We know very little about the greyhounds who raced at Wonderland in the first fifty years of its existence. We know that in the very early years, greyhounds were transported to Boston by self-professed “dog men,” who would move from track to track while taking greyhounds with them. We also know some details of the early champions. For example, we know the story of Rural Rube, who was so iconic in 1939 that 1,500 people reportedly honored him at a Copley Plaza dinner where he was given a golden collar.
But for every Rural Rube, there were undoubtedly countless greyhounds who lived tragically short lives. Tens of thousands of greyhounds passed through Wonderland during this period, and during these years virtually no greyhounds were adopted when they became unprofitable or suffered career-ending injuries. Then, in 1983, the non-profit adoption group Greyhound Friends was formed in Cambridge. The formation of this group, and others like it, surely made life better for greyhounds. Nevertheless, dogs would continue to suffer and die at Wonderland for another three decades.
Things began to change in 2000, when a coalition of grassroots activists collected enough signatures to place a question to end dog racing before Massachusetts voters. Even though the measure was narrowly defeated, 51% to 49%, it marked the beginning of a broad movement to end greyhound racing in our state. Perhaps more importantly, it also ushered in a new era of accountability for the dog racing industry, the results of which would ultimately help seal Wonderland’s fate.
Shortly after the ballot question was defeated, the legislature passed a new law requiring that Massachusetts dog tracks report all greyhound injuries to the public. At the same time, the dog racing industry began to disclose unprecedented information to the public on its methods and operation, in an effort to defend itself from public criticism. This included the release, starting in 2005, of videos that were filmed inside the Wonderland kennel compound. Ironically, this footage would later appear in television ads – as documentation of the daily confinement greyhounds endured – during the successful 2008 campaign that ended dog racing for good.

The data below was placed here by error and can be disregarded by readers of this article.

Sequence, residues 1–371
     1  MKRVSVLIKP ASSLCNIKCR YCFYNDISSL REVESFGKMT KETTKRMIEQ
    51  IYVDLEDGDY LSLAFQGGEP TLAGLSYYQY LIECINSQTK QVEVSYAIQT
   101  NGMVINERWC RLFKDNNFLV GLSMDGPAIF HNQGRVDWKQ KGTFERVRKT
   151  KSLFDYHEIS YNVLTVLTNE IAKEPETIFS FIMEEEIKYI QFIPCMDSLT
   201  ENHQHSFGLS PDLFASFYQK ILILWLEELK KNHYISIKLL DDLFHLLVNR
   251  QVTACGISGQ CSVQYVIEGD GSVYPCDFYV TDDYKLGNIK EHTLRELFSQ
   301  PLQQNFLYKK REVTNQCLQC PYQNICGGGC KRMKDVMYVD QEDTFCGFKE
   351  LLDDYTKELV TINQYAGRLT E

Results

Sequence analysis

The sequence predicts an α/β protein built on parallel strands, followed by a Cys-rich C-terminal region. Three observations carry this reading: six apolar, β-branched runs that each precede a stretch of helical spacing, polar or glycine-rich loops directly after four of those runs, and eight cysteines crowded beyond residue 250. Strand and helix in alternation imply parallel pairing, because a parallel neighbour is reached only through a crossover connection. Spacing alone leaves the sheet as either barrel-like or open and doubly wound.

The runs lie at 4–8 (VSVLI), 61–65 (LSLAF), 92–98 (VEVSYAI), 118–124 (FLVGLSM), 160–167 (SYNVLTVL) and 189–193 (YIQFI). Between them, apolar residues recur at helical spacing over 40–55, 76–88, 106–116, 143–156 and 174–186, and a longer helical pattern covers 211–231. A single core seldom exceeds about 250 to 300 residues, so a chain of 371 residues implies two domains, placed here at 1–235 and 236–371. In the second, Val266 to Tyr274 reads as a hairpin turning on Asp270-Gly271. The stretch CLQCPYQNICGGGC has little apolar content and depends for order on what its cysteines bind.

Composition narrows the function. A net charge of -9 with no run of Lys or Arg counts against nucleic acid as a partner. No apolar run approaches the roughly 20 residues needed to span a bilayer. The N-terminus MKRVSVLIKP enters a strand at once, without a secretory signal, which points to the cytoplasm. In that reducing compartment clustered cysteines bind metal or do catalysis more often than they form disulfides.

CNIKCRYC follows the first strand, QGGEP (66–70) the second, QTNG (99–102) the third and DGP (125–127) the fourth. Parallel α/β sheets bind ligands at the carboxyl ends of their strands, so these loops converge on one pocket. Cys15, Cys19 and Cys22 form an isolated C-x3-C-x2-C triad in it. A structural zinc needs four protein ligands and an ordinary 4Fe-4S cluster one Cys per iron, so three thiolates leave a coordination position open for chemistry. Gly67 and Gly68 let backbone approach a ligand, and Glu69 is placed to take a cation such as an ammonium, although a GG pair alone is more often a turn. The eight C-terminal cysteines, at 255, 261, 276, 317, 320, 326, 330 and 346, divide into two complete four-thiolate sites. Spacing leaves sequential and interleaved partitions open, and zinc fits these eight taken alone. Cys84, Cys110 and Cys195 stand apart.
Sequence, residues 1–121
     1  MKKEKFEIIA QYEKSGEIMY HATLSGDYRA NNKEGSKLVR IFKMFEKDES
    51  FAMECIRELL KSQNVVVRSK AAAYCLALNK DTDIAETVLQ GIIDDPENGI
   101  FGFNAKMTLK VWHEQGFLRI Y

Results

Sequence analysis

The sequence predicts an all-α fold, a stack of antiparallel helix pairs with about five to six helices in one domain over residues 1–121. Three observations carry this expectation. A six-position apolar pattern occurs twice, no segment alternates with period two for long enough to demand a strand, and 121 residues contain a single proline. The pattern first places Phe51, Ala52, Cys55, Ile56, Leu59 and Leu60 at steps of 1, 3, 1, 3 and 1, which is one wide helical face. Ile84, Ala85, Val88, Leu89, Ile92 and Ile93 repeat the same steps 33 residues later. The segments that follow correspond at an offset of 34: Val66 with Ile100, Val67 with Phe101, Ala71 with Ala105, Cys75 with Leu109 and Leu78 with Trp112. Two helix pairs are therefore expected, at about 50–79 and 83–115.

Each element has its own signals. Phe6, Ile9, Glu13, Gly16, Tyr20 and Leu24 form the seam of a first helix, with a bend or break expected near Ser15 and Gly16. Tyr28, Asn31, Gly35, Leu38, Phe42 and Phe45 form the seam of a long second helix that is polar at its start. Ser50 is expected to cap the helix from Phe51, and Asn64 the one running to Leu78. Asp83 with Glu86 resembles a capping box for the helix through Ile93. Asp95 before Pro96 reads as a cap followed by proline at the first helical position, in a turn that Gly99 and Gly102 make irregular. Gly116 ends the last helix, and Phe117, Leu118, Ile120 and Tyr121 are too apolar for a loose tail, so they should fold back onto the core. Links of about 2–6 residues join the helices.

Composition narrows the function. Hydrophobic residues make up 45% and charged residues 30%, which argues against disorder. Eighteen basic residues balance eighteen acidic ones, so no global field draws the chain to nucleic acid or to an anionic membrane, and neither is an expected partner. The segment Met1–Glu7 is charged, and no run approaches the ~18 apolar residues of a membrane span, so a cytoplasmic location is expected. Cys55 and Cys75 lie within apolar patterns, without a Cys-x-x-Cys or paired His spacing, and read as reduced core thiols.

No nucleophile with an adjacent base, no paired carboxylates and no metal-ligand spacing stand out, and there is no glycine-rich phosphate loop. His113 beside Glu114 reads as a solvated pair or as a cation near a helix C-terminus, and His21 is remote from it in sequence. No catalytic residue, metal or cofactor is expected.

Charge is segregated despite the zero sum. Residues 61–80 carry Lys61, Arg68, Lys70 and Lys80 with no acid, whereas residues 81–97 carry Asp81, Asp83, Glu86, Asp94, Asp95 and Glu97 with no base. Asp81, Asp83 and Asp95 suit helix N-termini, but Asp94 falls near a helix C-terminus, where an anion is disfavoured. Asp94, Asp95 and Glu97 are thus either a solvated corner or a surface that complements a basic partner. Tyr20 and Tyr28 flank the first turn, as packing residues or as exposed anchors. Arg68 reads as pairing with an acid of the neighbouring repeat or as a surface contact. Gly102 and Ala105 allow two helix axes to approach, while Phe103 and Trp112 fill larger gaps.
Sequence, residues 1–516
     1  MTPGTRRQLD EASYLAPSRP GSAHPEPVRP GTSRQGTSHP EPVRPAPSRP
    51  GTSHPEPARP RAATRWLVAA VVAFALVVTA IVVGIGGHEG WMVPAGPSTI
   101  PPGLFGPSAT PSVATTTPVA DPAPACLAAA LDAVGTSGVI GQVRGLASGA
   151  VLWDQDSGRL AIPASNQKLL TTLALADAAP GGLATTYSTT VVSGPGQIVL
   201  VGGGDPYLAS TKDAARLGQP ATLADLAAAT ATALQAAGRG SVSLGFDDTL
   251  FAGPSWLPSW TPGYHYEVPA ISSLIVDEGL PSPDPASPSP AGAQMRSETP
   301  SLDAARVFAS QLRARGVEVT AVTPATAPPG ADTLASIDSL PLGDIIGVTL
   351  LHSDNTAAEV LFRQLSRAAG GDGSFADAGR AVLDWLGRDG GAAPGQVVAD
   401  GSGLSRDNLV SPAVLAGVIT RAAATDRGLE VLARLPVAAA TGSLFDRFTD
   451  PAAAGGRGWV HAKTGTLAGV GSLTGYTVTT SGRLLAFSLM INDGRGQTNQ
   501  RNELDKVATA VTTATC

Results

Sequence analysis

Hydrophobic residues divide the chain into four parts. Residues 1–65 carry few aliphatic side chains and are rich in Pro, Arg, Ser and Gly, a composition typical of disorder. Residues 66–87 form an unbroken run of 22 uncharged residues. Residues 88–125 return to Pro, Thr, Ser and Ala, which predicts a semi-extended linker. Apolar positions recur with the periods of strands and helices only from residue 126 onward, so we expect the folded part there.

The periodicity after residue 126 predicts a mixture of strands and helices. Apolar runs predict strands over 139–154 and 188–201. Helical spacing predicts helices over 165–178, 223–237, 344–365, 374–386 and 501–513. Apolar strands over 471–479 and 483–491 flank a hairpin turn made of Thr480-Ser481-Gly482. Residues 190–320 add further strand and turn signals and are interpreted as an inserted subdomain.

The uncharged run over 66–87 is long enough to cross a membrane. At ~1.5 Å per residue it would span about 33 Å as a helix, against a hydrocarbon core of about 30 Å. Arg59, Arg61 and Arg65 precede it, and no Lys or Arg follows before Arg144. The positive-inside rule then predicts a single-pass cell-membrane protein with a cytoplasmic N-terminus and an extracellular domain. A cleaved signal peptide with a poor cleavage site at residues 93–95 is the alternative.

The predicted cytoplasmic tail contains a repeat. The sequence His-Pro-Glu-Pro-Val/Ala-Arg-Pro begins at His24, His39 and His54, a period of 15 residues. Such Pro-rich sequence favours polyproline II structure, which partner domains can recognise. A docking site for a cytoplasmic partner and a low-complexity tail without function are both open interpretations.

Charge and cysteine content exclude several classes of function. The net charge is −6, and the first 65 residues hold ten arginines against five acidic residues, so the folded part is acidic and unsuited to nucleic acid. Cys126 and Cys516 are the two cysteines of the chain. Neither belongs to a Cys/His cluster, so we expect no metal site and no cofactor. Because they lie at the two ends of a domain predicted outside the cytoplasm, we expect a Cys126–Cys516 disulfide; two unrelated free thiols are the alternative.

As a result of this reporting legislation, the industries’ own self-reporting, and increased media scrutiny, we know much more about the dogs who raced at Wonderland in its final years.
For example, we know that in late 2003 and 2004, a greyhound at Wonderland tested positive twice for cocaine. We also know that in the Spring of 2005, nineteen greyhounds died at Wonderland from a mysterious illness that was later proven to be a form of horse flu that had never before jumped species.
In these final years, we also learned much more about the daily life racing greyhounds experienced than we ever had known before. For the first time, we saw the cages that dogs were kept in at Wonderland, thanks to photographs the track took itself in 2006. Based on industry statements, we learned that greyhounds at Wonderland were confined in these warehouse-style kennels in stacked cages for twenty or more hours per day. Also from industry statements, we learned that the dogs were fed so-called “4-D” meat to reduce costs. This meat is deemed unfit for human consumption and contains denatured charcoal.
Perhaps most importantly, in these final years the public finally gained access to the first-ever reports on greyhound injuries at Wonderland. Between 2002 and 2008, 316 greyhound injuries were reported at the track, including 206 reports of dogs suffering broken legs. Other reported injuries included spinal cord injuries, paralysis, a puncture wound, and an amputation. These reports, however, were more than just mere statistics. They brought to life the stories of individual dogs, like Die Cut.
Over the course of its existence, as many as one hundred thousand dogs may have competed at Wonderland. Most of them were there for only a short time, before being sent to tracks elsewhere. All of these dogs had names, and their own stories. Most of these stories have been lost to time, but a few, like Die Cut, are still with us.
Wonderland will always be a part of our history as a state. It became an institution that was ultimately ended because our values as a society changed. Let’s make sure that the when this iconic track is remembered, the dogs of Wonderland are included in the story.
I’m sensitive to that, Peter. Barring unforseen events, this will be my last post on Wonderland.
p>Nevertheless, if the MSM are going to write front-page stories on the legacy of Wonderland, and continue to write about the plight of the workers, don’t you think the dogs deserve one last reflective BMG post?
p>This is one of the things that bothers me about the last week: no one seems to want to talk about this part of Wonderland’s legacy.
Someone needs to remind MSM about the cruelty and the costs.
I rather doubt it.
p>This did not come across as gloating at all. I can understand if you don’t especially care about the dogs, but then no one is forcing you to read or comment on it.
But please, continue on your route of downgrading all my comments.